Starting your baby on solid foods
Your baby gives you cues (signs) that she’s ready to start solid foods.
Keep feeding your baby breast milk even when you start giving her solid foods.
Call your baby’s heath care provider if you think your baby is allergic to a solid food. Call 911 if your baby has a severe allergic reaction to food.
Breast milk is the best food for your baby during the first year of life. Feed your baby only breast milk for at least 6 months. At about this time, your baby may be ready to start eating solid foods. These are foods that your baby eats other than breast milk or formula. They’re usually soft, liquid or mashed.
The American Academy of Pediatrics (AAP) says to keep feeding your baby breast milk even when he eats solid foods, at least until your baby’s first birthday. As he learns to eat solids, he may get more on his shirt than in his mouth! Feeding him breast milk helps make sure he gets all the nutrients he needs. Nutrients, like vitamins and minerals, help your baby grow and stay healthy. When you add solid foods to your baby's diet, continue breastfeeding until at least 12 months. You can continue to breastfeed after 12 months if you and your baby desire.
How do you know when your baby’s ready for solid foods?
Your baby needs only breast milk for about 6 months. When she’s ready to start solid foods, she gives you cues (signs) to let you know. Here’s what to look for:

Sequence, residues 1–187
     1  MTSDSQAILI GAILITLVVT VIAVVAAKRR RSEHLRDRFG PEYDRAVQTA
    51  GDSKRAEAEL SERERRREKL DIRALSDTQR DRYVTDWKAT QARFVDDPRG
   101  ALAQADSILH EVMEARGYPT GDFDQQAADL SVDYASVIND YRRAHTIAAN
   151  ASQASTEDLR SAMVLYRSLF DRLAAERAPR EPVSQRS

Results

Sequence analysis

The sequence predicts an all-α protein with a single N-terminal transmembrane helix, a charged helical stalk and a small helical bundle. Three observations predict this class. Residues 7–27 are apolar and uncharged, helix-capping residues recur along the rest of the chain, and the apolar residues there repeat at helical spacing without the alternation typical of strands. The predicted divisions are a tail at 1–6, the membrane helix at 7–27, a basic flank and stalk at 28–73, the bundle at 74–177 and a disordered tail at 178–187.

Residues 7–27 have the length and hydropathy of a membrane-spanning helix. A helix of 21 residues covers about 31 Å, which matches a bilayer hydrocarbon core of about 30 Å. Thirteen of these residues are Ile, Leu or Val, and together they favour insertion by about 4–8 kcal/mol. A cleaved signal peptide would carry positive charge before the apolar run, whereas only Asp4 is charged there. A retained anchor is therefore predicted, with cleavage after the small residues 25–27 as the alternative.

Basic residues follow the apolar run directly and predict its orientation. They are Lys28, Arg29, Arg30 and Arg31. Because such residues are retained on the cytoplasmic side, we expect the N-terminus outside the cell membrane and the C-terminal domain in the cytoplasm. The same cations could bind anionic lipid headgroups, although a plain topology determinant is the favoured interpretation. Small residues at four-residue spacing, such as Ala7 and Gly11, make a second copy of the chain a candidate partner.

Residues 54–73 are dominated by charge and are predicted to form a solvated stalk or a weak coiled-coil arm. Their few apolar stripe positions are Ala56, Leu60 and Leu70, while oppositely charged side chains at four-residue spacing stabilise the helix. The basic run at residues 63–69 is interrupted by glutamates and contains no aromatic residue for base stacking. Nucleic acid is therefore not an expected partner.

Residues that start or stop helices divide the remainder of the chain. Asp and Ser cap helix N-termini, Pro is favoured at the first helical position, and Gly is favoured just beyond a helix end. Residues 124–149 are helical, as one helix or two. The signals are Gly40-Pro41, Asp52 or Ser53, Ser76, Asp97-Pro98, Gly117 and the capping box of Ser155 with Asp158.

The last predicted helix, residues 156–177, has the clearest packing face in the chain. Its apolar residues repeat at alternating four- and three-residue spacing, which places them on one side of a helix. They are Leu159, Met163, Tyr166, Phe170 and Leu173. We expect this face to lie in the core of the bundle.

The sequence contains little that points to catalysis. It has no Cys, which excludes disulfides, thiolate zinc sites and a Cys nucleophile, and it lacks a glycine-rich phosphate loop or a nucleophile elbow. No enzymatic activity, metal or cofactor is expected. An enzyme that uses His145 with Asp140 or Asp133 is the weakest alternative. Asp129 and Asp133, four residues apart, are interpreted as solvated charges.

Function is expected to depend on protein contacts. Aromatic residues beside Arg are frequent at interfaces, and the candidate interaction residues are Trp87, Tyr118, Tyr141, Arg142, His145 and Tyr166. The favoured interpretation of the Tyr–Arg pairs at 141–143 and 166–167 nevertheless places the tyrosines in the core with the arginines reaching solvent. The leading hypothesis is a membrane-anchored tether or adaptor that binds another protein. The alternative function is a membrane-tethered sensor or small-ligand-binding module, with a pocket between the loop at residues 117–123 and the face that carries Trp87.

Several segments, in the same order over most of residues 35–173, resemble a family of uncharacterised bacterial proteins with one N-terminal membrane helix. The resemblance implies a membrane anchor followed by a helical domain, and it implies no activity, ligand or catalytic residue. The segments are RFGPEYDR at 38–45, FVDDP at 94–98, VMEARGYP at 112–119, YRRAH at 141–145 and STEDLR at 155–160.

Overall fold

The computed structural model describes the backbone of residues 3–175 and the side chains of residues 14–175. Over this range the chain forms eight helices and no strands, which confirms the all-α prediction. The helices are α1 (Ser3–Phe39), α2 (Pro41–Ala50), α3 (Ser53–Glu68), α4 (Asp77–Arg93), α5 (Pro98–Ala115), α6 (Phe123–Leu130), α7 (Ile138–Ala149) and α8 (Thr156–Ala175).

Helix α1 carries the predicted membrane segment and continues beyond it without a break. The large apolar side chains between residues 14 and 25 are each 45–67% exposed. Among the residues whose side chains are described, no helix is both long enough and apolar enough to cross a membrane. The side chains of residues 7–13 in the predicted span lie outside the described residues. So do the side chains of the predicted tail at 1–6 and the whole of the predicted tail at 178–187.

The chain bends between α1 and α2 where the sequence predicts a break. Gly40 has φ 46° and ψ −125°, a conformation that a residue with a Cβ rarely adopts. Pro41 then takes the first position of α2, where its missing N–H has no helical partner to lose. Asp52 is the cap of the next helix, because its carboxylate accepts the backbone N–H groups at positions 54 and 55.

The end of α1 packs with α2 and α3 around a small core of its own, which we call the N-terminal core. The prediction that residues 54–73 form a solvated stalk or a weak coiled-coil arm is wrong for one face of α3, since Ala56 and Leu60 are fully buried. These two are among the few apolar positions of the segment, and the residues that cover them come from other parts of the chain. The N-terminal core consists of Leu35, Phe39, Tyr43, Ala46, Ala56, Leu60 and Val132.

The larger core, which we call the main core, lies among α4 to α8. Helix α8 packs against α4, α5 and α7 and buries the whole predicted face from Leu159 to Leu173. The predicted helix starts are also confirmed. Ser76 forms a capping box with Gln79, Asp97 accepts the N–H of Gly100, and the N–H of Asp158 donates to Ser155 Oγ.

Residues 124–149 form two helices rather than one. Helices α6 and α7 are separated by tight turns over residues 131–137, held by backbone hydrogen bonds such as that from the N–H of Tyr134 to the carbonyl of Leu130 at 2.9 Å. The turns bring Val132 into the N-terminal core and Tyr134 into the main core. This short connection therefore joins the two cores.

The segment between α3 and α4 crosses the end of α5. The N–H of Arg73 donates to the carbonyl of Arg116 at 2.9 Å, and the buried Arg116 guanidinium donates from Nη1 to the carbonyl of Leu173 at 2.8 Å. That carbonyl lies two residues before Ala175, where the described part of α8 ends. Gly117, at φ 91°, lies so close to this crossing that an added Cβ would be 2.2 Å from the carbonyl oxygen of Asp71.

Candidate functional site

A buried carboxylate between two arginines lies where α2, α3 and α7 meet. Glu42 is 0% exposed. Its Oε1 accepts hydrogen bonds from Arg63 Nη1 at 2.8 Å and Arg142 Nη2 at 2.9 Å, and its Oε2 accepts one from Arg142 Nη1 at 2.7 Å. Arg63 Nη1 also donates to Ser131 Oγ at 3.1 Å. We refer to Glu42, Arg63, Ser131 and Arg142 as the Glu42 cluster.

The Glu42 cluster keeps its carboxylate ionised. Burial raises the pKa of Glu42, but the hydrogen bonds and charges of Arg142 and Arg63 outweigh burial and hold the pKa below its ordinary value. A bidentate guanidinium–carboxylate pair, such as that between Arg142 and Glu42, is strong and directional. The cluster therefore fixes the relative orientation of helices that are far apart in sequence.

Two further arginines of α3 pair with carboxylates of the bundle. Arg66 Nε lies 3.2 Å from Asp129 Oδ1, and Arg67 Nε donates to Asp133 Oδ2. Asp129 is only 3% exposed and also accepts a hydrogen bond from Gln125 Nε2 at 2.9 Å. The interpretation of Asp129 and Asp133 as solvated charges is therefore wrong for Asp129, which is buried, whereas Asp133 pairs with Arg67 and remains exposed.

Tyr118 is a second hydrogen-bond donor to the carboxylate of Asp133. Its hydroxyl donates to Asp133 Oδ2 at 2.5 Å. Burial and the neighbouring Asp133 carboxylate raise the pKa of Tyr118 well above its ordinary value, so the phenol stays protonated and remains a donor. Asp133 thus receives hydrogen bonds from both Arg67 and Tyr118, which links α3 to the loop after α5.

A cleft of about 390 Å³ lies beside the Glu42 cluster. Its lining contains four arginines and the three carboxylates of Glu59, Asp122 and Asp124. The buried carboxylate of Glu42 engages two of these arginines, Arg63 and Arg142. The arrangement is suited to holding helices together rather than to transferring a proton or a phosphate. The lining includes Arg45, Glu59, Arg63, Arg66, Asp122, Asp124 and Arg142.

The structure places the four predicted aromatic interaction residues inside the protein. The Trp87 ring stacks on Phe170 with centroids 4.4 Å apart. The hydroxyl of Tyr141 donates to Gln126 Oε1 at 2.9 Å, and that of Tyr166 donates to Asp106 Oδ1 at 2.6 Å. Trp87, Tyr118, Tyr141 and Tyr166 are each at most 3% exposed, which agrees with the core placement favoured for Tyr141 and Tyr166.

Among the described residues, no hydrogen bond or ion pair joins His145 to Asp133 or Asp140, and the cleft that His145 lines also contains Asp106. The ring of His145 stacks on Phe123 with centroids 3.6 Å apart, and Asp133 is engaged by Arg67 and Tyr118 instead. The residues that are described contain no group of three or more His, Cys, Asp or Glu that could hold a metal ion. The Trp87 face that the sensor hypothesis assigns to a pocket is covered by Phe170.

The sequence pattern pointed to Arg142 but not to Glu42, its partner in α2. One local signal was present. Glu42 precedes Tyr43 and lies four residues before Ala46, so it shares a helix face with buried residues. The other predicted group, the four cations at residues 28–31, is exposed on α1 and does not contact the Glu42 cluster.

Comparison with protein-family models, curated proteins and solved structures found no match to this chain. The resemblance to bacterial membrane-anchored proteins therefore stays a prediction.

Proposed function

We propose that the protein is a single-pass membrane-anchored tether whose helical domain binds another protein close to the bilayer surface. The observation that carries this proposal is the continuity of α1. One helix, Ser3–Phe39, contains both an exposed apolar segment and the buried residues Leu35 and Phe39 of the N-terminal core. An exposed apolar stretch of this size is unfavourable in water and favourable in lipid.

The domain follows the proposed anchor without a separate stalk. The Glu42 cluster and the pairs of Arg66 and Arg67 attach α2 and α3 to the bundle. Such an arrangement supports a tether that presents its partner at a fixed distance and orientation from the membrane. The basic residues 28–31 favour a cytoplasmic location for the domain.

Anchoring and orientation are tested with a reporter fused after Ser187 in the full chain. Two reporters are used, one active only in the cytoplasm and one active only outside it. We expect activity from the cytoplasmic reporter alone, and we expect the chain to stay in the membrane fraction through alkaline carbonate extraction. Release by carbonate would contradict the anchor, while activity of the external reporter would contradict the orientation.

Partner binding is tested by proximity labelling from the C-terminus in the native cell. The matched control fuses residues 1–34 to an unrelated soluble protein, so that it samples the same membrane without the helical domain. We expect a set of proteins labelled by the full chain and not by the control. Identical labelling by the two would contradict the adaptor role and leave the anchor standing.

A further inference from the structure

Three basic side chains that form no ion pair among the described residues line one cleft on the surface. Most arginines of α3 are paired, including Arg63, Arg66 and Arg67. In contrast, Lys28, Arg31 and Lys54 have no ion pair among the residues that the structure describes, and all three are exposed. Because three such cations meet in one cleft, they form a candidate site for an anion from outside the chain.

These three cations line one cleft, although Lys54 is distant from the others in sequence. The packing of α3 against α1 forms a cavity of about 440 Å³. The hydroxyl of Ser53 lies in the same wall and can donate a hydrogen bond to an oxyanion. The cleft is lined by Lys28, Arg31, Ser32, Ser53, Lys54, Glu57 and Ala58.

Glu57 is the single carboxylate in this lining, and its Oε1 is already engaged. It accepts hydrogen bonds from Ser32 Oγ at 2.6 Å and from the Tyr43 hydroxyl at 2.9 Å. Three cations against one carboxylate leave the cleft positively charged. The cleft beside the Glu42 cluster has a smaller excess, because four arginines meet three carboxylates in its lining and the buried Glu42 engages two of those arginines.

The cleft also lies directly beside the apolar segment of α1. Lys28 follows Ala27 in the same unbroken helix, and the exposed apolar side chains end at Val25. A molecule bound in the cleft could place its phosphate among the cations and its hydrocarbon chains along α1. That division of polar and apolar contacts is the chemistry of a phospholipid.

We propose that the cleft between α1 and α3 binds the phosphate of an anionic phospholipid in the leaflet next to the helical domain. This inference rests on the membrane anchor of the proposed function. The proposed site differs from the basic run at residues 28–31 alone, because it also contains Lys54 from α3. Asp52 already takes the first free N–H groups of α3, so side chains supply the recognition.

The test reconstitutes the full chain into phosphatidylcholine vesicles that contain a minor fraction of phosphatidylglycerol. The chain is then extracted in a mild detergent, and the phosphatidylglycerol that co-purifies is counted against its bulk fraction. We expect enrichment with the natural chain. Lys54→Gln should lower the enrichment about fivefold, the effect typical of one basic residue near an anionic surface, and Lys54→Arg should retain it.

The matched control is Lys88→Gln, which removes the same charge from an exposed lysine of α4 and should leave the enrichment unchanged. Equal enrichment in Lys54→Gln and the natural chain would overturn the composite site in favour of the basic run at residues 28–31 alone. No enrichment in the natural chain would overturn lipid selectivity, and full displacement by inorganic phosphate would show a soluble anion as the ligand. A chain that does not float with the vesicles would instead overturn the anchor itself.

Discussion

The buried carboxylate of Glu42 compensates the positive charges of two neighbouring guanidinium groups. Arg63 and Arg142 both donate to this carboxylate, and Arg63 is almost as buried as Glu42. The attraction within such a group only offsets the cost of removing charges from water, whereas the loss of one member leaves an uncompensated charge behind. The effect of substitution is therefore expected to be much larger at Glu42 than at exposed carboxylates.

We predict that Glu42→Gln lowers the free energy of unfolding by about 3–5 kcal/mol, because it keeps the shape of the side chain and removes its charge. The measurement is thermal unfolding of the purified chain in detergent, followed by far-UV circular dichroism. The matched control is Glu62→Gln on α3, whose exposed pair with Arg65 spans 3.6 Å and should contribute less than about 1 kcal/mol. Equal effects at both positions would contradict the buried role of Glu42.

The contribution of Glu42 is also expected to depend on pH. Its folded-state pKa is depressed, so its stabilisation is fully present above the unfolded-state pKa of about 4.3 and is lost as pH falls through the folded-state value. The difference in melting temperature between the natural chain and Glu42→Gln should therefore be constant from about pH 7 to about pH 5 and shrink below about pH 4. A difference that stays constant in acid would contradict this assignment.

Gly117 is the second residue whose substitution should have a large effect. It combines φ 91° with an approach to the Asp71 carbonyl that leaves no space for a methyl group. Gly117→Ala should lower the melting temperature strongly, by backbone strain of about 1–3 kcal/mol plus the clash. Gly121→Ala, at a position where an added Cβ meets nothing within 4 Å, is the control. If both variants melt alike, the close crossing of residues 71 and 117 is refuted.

- Your baby can hold her head up. She is able to sit in a high chair, a feeding seat or an infant seat with good head control. Your baby can sit up with little or no support.
- She opens her mouth when food comes her way. If your baby watches you eat, reaches for your food and seems eager to be fed, she may be ready for solid foods.
- She can move food from a spoon to her throat. If you offer a spoon of food and she pushes it out of her mouth or dribbles it down her chin, she may not have the ability to move it to the back of her mouth to swallow it. Your baby may need time to get used to new textures that are thicker than breast milk.
- Your baby is double their birth weight. This is typically around 4 months of age.
Although your baby may be the right weight to start solid foods, AAP still recommends breastfeeding as the sole source of nutrition for the first 6 months.
Starting too early like before the age of 4 months may cause problems like:
- Getting food sucked into the airway or cause your baby to choke
- Cause your baby to get too many or not enough calories and nutrients
- Increase your baby’s risk of obesity
What you can feed your baby:
For most babies, it doesn’t matter what the first solid foods are. They’re usually soft, liquid or mashed. You can feed your baby foods like:
- Breast milk
- Baby cereals fortified with iron. You can add breast milk, formula or water to dry baby cereals. Fortified means iron was added to it.
- Pureed meat, fruits, vegetables, beans, lentils or yogurt.
- Around 9 months you can offer finger foods, like breakfast cereal, small pieces of bread and well-cooked (until soft) vegetables, pasta and meat